Nottingham

School pupils' cycle ban faces Olympian criticism

Ellis Guilford School Image copyright Google
Image caption Before being allowed to cycle to school again pupils must get a permit, the head has ruled

Pupils have been banned from cycling to and from a Nottingham school until they have completed safety training.

Ellis Guilford School has written to parents saying "too many students are not cycling responsibly and causing danger to others".

Even after passing a test, cyclists will be held back while others leave.

The decision has been criticised by Cycling UK and former Olympic cycling champion Chris Boardman who said it "requires things beyond the law".

Image copyright Getty Images
Image caption Incidents of unsafe cycling had forced the move, the school said

In a letter to parents, head teacher Dr Sally Coulton said twice the number of students were bringing bikes to school this term and they have seen a "growing number of students cycling to and from school in an extremely dangerous way".

Dr Coulton added anyone wishing to cycle to school first has to complete a safety course and be issued with a permit.

Once they have done this, they will have to wait until their fellow pupils have left school on foot before being able to collect their bikes.

Image copyright Ellis Guilford
Image caption The letter said school would 'monitor' the cycling of those with a permit

A total ban on all bikes is in place until next week, which is the earliest pupils can obtain the permit.

The school has conceded it cannot stop children cycling on the road outside but they will not be able to bring bikes on site.

The move has prompted some critical comment on social media.

Mr Boardman, who won three stages of the Tour de France and Olympic gold at Barcelona 1992, questioned the school's thinking via Twitter.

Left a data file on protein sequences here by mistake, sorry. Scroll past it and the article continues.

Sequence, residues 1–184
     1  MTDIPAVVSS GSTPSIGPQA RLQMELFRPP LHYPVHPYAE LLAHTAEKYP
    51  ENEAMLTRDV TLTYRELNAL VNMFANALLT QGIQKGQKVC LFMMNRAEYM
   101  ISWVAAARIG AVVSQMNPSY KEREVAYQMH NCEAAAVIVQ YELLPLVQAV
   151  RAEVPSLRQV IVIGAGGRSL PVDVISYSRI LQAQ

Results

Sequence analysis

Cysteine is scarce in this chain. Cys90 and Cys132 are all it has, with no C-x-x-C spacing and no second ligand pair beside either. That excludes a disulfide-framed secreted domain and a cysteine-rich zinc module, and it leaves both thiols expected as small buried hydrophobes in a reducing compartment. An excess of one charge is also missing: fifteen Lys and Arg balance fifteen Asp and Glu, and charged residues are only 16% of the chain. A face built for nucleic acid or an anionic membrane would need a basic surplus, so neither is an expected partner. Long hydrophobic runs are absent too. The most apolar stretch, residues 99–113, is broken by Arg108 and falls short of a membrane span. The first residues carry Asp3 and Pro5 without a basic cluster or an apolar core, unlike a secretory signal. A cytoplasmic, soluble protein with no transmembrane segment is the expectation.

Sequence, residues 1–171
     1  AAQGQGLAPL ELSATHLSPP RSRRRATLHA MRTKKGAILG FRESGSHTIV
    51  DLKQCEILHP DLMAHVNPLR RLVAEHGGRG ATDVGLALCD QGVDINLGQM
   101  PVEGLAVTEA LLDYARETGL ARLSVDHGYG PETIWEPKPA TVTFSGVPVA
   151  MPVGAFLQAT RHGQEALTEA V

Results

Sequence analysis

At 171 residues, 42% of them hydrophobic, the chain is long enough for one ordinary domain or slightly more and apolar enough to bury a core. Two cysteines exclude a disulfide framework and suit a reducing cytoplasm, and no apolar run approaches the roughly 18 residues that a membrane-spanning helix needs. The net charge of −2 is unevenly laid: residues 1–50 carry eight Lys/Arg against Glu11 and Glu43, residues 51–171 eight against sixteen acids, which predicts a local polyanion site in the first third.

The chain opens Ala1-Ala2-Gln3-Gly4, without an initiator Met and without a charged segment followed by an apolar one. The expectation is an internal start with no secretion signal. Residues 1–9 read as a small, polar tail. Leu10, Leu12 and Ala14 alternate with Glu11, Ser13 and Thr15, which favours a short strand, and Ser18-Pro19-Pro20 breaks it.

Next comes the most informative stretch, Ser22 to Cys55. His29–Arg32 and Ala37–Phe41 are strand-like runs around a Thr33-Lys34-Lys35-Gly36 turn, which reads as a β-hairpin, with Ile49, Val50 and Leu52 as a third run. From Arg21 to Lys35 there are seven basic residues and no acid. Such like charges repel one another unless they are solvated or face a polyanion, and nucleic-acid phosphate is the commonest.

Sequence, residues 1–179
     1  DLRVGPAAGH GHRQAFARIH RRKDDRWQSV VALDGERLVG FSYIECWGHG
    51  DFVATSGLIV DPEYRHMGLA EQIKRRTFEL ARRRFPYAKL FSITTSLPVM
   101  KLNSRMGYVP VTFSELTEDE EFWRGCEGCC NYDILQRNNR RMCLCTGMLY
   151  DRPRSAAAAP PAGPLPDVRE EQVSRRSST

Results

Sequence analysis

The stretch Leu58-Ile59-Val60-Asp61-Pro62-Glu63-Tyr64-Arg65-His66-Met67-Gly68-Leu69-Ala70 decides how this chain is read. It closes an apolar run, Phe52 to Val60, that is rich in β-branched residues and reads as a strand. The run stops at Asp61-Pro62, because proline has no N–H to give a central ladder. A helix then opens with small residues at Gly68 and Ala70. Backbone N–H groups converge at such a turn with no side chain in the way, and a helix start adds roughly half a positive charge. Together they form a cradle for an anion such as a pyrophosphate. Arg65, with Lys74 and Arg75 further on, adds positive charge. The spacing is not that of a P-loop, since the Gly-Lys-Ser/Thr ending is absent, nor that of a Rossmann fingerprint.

Dame Sarah Storey, Britain's most successful female Paralympian, said she was "baffled" by the move.

Many questioned the legal right of the school to take these measures.

While there was some support on the school's Facebook page many felt it was the wrong approach, including Lisa Bettridge, who said: "What if cycling is the only way of that child getting to school? What then? Majority again suffering for the minority of idiots that ride with little thought or respect for others!"

Duncan Dollimore, Cycling UK's head of campaigns and advocacy, said it would have been sensible to talk to the pupils, and their parents, instead of introducing a cycle ban with immediate effect.

He said: "Consultation and discussion, as some parents have called for, might have given Ellis Guilford a fighting chance of maintaining the recent increase in numbers cycling to school.

"Imposing bans, introducing permit requirements, and making the cycling children wait behind all their mates before they can leave is not going to encourage them to carry on riding to and from school."

Related Topics

More on this story

Related Internet links

The BBC is not responsible for the content of external Internet sites